“We have called 112 [for emergency services] seven times and nothing. After waiting two hours, they told me in an unfriendly tone that they couldn’t help us” said an anonymous care worker.
Many care workers have continued to work without gloves or face masks. The CSIT union announced that it was going to file a complaint with Work Inspection against the directors of care homes who were not providing staff with the protective gear needed to avoid infection with the virus.
Some workers said that they had been using kitchen gloves in the care homes, while others said they have been sharing what little protective gear they had between them.
In one home there were 10 bodies in the basement awaiting collection by the funeral home, according to several eyewitnesses.
The authorities have done little to protect older people in care homes which are not being protected with all the resources available. The virus is killing a generation. And the worst thing is not that loved ones are dying, it is how they are dying. Many older people are leaving this life alone and this will not be forgotten or forgiven.
The question of care for retired and older citizens is an absolutely burning and scandalous issue in the Spanish. The whole sector is a money making racket and is rife with corruption, poor standards and terrible conditions for mostly immigrant workers. I live above a care home and know that residents are paying over €2,000 a month. Most are forced to remortgage or sell their homes in order to afford care.
In a private care home in Tomelloso, Castilla-La Mancha, 15 residents died last week. The centre was managed by an unqualified person and PP councillor who had assured family members that everything was ok when they raised concerns. The centre had not even bothered to have a doctor on staff despite the profits the “business” was making.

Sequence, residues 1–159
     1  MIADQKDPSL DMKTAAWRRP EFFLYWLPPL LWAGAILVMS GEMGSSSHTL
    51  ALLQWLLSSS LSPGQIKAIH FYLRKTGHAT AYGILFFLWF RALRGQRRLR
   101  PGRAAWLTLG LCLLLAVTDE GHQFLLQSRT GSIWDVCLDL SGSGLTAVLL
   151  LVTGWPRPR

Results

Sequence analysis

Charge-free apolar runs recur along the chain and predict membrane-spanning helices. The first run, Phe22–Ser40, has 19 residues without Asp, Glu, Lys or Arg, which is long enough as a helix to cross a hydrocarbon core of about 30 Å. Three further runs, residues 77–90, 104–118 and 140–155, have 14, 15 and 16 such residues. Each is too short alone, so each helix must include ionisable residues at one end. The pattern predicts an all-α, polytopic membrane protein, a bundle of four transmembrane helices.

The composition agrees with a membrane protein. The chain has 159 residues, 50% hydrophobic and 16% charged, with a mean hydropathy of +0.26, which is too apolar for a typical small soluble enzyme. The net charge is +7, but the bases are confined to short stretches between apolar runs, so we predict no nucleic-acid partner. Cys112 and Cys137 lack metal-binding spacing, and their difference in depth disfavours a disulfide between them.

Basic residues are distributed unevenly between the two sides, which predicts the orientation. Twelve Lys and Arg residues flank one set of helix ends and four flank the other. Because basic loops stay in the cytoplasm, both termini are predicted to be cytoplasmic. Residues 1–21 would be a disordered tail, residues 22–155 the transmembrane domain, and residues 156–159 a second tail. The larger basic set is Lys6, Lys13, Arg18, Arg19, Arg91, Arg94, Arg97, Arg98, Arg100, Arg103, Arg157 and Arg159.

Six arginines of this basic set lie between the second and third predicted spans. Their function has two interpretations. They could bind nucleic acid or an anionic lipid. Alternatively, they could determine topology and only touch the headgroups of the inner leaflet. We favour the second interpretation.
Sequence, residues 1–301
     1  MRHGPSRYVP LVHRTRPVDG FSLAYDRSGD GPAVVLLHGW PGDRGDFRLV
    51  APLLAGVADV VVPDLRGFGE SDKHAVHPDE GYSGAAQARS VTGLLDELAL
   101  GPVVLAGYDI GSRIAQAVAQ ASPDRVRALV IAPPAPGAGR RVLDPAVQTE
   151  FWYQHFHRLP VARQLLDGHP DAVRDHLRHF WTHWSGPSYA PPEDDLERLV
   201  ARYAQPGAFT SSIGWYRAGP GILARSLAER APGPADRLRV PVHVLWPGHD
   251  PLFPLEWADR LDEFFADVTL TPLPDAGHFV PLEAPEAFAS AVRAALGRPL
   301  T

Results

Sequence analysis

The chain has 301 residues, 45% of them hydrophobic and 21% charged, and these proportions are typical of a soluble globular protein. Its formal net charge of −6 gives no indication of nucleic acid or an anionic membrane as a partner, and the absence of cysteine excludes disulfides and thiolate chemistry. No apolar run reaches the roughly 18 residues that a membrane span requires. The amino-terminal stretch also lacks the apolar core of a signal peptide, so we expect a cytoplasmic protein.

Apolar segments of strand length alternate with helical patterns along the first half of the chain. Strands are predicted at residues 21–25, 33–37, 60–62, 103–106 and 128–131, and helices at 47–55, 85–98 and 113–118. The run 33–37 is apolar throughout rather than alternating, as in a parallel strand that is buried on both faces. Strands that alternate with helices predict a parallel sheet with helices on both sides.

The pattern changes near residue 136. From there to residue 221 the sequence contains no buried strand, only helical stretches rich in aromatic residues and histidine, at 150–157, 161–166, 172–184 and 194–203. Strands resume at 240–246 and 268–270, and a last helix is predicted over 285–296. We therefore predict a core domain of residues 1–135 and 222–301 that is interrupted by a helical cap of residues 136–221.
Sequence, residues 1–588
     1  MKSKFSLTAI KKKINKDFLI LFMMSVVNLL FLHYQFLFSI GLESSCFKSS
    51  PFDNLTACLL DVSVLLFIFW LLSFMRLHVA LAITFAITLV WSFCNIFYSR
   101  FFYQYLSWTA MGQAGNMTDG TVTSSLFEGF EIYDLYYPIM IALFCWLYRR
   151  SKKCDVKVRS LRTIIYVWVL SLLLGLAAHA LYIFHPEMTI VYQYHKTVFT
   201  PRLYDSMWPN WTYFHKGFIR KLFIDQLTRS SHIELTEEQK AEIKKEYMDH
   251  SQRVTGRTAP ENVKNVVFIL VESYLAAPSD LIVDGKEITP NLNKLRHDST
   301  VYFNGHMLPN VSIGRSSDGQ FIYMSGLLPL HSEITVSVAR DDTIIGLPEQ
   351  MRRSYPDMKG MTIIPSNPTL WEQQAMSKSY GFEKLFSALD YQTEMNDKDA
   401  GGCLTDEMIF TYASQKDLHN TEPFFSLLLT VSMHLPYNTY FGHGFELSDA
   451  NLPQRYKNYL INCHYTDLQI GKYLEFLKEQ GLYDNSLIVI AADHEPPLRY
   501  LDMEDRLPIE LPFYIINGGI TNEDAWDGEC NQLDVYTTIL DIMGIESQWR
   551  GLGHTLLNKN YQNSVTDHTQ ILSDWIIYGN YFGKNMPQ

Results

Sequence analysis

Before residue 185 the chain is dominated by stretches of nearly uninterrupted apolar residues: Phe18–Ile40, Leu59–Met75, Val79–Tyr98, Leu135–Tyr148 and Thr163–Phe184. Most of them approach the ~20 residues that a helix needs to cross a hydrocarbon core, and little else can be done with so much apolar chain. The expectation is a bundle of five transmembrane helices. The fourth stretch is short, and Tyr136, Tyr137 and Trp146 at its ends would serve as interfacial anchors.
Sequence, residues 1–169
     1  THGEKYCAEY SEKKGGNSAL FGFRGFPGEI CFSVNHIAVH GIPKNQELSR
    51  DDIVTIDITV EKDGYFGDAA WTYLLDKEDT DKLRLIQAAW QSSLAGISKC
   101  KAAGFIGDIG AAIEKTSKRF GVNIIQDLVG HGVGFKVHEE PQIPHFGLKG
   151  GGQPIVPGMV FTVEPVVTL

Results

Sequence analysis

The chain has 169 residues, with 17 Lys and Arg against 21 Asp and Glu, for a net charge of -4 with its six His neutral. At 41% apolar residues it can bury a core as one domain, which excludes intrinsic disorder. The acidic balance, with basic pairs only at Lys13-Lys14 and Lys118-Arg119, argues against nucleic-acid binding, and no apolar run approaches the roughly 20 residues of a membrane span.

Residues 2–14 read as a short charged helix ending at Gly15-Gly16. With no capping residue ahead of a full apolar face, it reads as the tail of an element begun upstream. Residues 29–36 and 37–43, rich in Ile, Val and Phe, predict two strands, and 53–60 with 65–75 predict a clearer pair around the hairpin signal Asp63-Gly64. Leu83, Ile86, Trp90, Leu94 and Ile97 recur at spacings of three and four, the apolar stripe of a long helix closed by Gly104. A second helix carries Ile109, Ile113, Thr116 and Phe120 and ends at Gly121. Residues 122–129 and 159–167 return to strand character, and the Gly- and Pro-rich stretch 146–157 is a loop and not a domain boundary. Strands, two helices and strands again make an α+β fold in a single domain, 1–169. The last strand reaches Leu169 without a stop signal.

The COVID-19 virus has exposed a rotten care system and families have every right to demand investigations and prosecutions of the guilty, but we must go further. The workers’ movement must demand and campaign for all private care homes to be brought under local and state control. We need a elderly care system which really looks after older citizens and does not treat them as a source of quick profits for business. Older people are not expendable!
Rapidly Changing Consciousness
At the beginning of the crisis in Gasteiz there was a round table on the radio with hospital managers, a Basque government representative and a union doctor and nurse. During the discussion the presenter tried to steer the program towards the safe ground of “hero health workers, everyone in it together…” The young nurse and member of the militant Basque union, ELA, insisted on having her say on health service cuts. She accused the hospital management and Basque government of implementing 10 years of cuts. “You never listened when we demonstrated and went on strike. This crisis is worse because of you.” The government representative had nothing to say.
There are viral videos of doctors and nurses doing the rounds condemning the cuts to the health service in Madrid. On one of the main morning chat shows, a doctor was cut off in a live interview by Ana Rosa Quintana (daytime TV host), when he condemned the PP for “ten years of cuts and privatizations, which have ruined the Madrid health service.”